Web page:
Venn Diagram, Universal Sets, Subsets, and Power Sets

In the previous article, you learned about the basic type of sets and its notations. In this article, I am going to discuss about Venn diagram, and some other types of sets. These sets are different from what I have discussed in my previous post, which was about equal sets, equivalent set and empty sets etc.


Venn Diagrams

Venn diagram is a graphical representation of sets. All sets come from a universe, called the universal set and represented by the letter U. This universal set contains all the elements with common attributes
that we want to study.

  • population of a country,
  • students in a university,

can belong to a universal set, and then we can create sets from the universal set. If students from university belong to our Universal set, then we can have a set of students studying computer science or mathematics. In Venn diagram,

Figure 1 - Venn diagram with single set A and an element a
Figure 1 – Venn diagram with single set A and an element a

the universal set is a rectangle and sets are circles, that may or may not overlap each other. We will come back to that later.

For example, at the beginning, the elements are part of universal set U, and when you make a set then they belong to the set if they have the property to be member of the set.

Example #1

Suppose N is the set of natural numbers, and it’s our universe. To show the natural number set using Venn diagram, we will make a rectangle.

Figure 2 - Natural number set as the Universal set.
Figure 2 – Natural number set as the Universal set.

Let A be a set of all even numbers less than 11.

\begin{aligned}&A = \{ 2, 4, 6, 8, 10 \}\end{aligned}

We did not add zero because Natural numbers start from 1.

N = \{1,2,3, \cdots \}

Now draw a circle inside the rectangle and show all even numbers within the circle. This is the Venn diagram representation of a set with elements. All numbers that are not shown in circle are in the Uniserve U.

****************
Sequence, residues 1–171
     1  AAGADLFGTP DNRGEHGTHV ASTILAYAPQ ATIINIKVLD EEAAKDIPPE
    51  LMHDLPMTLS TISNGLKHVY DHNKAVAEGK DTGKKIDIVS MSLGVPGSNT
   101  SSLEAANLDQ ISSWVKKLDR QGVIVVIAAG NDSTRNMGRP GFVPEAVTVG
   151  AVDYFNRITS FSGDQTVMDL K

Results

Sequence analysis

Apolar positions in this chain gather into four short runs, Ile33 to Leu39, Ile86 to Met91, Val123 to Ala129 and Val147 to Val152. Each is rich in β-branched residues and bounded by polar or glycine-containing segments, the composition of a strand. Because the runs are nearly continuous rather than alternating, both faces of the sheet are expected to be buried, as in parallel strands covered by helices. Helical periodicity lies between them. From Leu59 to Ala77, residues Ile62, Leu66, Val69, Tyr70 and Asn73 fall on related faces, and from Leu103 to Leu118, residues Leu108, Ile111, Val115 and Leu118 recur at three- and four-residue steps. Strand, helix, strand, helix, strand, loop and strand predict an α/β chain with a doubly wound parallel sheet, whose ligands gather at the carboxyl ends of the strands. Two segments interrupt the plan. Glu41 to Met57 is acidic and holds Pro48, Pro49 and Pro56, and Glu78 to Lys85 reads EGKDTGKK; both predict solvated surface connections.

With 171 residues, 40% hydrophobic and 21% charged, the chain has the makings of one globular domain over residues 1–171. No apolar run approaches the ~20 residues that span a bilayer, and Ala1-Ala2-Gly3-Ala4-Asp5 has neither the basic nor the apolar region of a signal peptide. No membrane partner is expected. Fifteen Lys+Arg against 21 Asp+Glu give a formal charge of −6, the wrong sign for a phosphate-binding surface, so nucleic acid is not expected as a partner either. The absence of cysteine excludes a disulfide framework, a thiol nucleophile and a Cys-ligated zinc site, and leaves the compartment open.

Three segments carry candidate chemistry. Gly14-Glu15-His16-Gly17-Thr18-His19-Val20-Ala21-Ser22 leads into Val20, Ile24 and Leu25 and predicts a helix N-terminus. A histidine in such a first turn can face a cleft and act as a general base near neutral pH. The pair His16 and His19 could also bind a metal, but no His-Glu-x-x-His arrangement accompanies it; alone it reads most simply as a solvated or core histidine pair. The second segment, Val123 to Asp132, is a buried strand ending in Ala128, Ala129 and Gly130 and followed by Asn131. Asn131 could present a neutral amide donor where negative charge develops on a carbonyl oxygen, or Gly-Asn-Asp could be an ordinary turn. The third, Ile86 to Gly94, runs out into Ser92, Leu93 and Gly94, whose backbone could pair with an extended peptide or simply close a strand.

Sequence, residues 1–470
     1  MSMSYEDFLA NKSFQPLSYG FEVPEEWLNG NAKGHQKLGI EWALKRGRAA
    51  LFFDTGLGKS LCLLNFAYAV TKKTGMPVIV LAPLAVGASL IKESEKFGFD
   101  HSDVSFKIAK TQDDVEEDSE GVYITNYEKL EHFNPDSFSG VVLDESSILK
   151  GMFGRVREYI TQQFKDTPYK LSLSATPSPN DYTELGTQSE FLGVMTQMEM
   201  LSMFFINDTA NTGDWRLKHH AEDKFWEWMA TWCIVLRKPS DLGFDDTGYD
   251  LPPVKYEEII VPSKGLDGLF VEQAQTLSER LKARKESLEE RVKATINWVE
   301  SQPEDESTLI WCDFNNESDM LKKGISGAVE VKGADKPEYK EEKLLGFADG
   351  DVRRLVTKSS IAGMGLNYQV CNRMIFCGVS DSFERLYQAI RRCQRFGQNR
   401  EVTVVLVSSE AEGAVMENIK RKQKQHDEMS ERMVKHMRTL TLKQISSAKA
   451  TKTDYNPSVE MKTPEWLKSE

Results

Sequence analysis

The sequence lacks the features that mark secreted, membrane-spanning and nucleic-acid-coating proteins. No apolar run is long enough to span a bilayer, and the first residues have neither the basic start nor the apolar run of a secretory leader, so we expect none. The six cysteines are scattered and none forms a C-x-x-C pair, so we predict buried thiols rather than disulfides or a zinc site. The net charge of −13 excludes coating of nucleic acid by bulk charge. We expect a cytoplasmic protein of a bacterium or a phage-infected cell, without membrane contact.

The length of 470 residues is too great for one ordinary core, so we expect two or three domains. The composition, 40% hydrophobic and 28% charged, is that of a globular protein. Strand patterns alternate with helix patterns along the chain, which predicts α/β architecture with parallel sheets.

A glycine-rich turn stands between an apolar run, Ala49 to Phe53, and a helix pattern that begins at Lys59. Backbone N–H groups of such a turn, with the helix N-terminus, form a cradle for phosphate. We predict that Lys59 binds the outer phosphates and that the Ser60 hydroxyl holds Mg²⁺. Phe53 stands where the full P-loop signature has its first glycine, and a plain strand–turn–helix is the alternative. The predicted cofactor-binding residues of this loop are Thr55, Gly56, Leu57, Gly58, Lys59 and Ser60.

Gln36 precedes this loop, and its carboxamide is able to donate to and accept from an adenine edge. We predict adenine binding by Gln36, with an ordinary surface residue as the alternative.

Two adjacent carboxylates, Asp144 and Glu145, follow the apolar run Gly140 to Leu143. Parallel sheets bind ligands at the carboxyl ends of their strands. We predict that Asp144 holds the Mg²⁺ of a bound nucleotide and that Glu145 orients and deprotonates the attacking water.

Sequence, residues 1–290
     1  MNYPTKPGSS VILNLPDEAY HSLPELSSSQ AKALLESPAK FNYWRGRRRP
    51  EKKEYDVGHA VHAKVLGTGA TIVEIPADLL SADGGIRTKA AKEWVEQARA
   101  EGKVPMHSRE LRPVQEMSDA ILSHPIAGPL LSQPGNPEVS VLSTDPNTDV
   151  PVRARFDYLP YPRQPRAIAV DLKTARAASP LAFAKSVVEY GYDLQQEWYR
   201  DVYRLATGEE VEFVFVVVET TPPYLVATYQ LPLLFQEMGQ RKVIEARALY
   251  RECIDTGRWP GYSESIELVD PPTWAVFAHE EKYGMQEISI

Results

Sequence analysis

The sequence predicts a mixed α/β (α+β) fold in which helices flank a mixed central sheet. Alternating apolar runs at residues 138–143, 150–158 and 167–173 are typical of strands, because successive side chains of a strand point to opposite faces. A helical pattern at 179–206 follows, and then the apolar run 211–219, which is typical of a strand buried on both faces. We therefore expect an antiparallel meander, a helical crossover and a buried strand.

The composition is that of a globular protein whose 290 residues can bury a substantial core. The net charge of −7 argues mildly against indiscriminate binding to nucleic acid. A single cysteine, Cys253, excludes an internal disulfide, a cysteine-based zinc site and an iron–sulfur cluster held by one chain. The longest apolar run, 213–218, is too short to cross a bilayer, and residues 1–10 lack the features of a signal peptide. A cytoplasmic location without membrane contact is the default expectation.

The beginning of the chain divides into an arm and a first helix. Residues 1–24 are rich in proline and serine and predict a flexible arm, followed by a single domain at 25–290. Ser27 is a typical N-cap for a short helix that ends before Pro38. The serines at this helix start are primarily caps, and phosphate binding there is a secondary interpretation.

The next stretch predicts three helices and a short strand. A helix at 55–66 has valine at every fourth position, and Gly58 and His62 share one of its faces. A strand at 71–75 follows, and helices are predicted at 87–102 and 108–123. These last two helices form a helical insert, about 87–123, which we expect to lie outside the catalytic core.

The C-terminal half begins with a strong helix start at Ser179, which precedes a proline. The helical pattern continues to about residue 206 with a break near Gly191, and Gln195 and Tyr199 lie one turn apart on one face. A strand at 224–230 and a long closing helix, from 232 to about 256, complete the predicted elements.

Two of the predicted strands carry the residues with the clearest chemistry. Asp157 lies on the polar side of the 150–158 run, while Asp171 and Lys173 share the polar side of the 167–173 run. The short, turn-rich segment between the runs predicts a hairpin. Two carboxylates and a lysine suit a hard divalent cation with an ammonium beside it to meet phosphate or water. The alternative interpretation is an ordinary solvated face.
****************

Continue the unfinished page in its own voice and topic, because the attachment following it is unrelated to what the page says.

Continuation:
Figure 2 - Set A with even elements less than 11 within Natural number set N.
Figure 2 – Set A with even elements less than 11 within Natural number set N.

Example #2

Let’s take another example, Let X and Y be two sets with elements.

&X = \{ 2, 5, 6\}\\\\
&Y = \{4, 5, 9\}

If we construct these two sets using Venn diagram, the circles that represent these two sets are overlapping, it is because they have a common element 5. The elements are shown as dots in Venn diagram.

The Venn diagrams are useful in visualizing the set operations like union, intersection, set difference, etc. We will explore the set operations in future lessons.

Subsets of a Set

Let us talk about subsets. Let there be two sets A and B.

Definition: The set A is subset of set B if and only if every single element of set A is also an element of set B.

We can also write this in equation form.

&A \subseteq B = \forall x\{a \in A \implies x \in B\}\end{aligned}

For sets that are not subsets is denoted as

&A \nsubseteq B = \forall x\{x \in A \implies x \notin B\}

Venn Diagram Representation of Subsets

Here is a Venn diagram representation of subset. Since, A is subset of B, it is inside of the bigger circle representing set B.

Figure 3 - Venn diagram of a subset where A is subset of B.
Figure 3 – Venn diagram of a subset where A is subset of B.

When we talk of subsets, there is a theorem:

If A is a set, it is guaranteed that it has at least two subsets:

1. Empty set - empty set is subset of all sets.